Photo: A new paint job for the Homer House, just one of eight proposals submitted to the Community Preservation Committee that were approved for final applications
It was moving day last week at the Community Preservation Commiittee as eight proposals were approved to submit final applications. A final CPC decision will be made on Jan. 10, 2024.
At its regularly scheduled monthly meeting, Wednesday, Oct. 11, Chair Elizabeth Dionne said the CPA has approximately $3 million to distribute for projects involving recreation/open spaces, housing and preservation. The Community Preservation Act, adopted by Belmont voters in 2010, is financed by property tax surcharges and annual distributions received from the state’s Community Preservation Trust Fund.
The CPA will present the applications it approves in January to a vote before the annual Town Meeting in May 2024. Due to the “urgent need for funding,” three of the eight proposals will be presented as “off-cycle” applications which will be voted at the Special Town Meeting in early November.
The projects which will proceed to a final application are:
- Affordable Housing for Town Employees: $250,000
- Chenery Park Design and Engineering: $105,000
- Chenery Park Funding: $1 million
- Fund to Support New Affordable Housing: $250,000
- Homer House Exterior Paint Restoration – $99,000
The off-cycle proposals are:
- Community Path Phase 1 Design: $335,868
- Town Hall Retaining Wall: $160,000
- School Administration Building Roof Restoration: $200,000
Of the projects two of the requests are connected by a single project. First, an engineering study for a proposed revitalization of the playground and activity areas at the Chenery Upper Elementary School for $105,000.
The study dove tails into the second, more substantial request of $1 million for the actual construction of the Chenery “complex.” Recreation Department Director Brendan Fitts told the committee this request will be an initial cost “guestimate” for the project in the $3 million range.
“What we are doing is setting aside some funding for [the reconstruction] now,” said Fitts.
“This is a high priority project,” said Dionne, saying parents, the PTA, and school officials have been clambering for an overhaul of the thread worn recreation area. “And I hope it’s only $3 million,” said Dionne whose worried there could be some “inflation” that’s being baked into the project.
In what Dionne called “starting something that I think could be a tremendous benefit for the town and its employees,” $250,000 is being asked by the town would be used to sow the seeds of increasing affordable housing directed towards assisting town employees to live in the community which they work.
“The number one reason we’ve been losing [employees] is the commute. It’s not that I don’t want to work here” said Town Administrator Patrice Garvin, but many are living west of Route 128 while municipal salaries can not support purchasing a home or to pay rents.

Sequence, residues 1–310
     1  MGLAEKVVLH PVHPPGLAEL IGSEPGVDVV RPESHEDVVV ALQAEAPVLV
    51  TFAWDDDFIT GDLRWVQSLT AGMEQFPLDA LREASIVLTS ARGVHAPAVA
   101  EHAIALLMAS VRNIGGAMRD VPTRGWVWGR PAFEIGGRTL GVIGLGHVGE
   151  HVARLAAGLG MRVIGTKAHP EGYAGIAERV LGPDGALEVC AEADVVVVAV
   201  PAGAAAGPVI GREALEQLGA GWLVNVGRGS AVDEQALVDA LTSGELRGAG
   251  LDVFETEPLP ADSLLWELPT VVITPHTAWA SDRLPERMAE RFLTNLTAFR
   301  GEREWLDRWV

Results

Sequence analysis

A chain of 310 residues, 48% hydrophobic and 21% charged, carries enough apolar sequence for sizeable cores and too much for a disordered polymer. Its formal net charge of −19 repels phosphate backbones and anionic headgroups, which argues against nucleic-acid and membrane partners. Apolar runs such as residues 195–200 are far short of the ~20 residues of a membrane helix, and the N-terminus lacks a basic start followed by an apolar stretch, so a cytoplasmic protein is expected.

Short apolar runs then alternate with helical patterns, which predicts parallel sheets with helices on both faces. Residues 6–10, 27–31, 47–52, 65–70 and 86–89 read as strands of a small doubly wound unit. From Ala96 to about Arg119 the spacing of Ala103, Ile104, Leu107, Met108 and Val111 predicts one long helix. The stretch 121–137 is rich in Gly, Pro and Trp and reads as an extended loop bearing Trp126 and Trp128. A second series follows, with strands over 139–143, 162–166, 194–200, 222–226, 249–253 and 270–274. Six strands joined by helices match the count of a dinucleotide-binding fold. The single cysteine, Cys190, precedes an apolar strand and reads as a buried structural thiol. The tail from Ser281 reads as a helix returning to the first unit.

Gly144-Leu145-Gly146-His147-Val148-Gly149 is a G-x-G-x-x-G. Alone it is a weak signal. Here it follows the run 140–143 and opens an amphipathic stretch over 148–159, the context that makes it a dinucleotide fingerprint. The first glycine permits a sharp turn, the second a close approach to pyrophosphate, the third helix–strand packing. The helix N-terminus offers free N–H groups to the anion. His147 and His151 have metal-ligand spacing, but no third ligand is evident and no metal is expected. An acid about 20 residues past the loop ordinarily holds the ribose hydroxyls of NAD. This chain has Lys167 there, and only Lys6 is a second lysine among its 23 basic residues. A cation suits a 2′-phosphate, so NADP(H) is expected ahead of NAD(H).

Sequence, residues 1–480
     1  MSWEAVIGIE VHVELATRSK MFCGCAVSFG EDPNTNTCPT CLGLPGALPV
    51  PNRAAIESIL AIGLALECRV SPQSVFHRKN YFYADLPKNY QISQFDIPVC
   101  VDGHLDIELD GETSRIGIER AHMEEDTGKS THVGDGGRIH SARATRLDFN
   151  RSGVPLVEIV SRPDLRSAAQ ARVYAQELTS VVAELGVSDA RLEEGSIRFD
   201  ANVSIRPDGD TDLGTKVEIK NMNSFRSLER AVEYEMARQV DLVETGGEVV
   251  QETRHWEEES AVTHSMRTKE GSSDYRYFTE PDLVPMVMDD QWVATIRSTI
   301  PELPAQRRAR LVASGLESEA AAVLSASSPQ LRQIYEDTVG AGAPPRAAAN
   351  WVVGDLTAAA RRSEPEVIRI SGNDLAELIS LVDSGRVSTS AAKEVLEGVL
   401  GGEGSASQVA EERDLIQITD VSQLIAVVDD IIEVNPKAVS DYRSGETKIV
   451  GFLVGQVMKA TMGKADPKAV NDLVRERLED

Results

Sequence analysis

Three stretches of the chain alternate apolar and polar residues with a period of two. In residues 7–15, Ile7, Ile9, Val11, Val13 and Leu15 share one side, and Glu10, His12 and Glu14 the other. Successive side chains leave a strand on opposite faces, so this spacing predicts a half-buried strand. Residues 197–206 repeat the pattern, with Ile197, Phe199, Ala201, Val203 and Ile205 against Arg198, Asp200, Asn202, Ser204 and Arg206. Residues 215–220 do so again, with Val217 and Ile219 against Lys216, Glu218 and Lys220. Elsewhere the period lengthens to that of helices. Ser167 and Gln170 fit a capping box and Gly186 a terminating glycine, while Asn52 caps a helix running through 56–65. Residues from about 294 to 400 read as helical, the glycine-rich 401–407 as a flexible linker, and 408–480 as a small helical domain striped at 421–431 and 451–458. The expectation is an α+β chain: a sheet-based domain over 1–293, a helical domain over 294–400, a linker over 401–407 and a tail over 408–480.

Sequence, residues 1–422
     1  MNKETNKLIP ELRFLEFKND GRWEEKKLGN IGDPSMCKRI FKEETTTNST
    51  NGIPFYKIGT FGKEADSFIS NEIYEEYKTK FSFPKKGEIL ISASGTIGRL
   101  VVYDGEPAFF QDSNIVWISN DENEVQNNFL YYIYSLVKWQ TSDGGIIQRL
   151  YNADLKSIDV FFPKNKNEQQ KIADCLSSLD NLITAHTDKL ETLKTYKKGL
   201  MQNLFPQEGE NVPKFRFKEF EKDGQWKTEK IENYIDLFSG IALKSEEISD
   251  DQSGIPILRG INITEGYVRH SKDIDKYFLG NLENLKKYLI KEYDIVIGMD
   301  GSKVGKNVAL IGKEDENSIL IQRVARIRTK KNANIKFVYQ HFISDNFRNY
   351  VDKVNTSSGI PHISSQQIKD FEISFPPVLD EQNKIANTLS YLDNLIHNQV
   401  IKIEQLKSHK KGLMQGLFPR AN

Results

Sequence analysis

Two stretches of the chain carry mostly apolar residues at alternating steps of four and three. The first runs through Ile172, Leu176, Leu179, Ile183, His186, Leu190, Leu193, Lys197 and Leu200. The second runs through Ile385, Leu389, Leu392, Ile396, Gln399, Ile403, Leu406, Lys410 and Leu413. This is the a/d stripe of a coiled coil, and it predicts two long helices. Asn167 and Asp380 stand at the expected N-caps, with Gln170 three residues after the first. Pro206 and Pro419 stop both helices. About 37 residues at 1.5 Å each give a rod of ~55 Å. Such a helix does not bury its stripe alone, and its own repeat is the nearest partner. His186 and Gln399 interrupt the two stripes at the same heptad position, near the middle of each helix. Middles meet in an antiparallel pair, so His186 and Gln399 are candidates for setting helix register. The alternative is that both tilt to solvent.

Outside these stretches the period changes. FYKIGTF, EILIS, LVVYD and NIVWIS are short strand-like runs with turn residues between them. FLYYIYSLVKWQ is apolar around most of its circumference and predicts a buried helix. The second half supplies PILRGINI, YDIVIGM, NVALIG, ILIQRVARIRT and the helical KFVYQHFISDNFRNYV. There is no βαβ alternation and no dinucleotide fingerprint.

But rather than use this fund to purchase a property outright, Dionne envisions the fund being an annual CPC allocation approved by Town Meeting that would be used by developers to free up capital to build multi-unit residential projects in which some units would be dedicated to town employees. Belmont will be following in the footsteps of municipalities in California and in nearby Nantucket which are securing town employee housing in partnership with builders.
On the affordable living front, the Belmont Housing Trust is applying for $250,000 for the purpose of creating more affordable housing in town by investing in new developments prompted by the anticipated approval of the MBTA Communities Multifamily Zoning law. Belmont will have the ability to invest in new projects in exchange for more affordability or deeper affordability as the Trust funds projects, either through financing the development or subsidizing the operating costs.
The Belmont Woman’s Club is seeking through the HDC $99,000 to paint the exterior of the Homer House on Pleasant Street opposite Town Hall as part of its long-term renovation of the historic house.
Of the off-cycle proposals, a initial proposal of $160,000 from the Historic District Commission will make significant roof and repairs to the School Administration building on Pleasant Street. “People are putting out buckets out [when it rains]” with the damage reportedly in the superintendent’s office due to deficiencies in the roof’s flashings and gutters causing internal damage, according to Gabriel Distler, staff planner for the HDC.
Along with the roof, other time sensitive items include shoring up the main retaining wall at Town Hall while there is a need for a redesign of the commuter rail pedestrian tunnel connecting the Winn Brook neighborhood with the new Belmont Middle and High School and Concord Avenue after the MBTA and Massachusetts Department of Transportation reversed an earlier design decision to now allow a less expensive tunnel.
“I think the one thing that everyone in town agrees on is that the tunnel is really important,” said Dionne. “And if we don’t fund this [proposal], we can’t get to the design drawings that we need for [federal] funding, it delays this decades long process.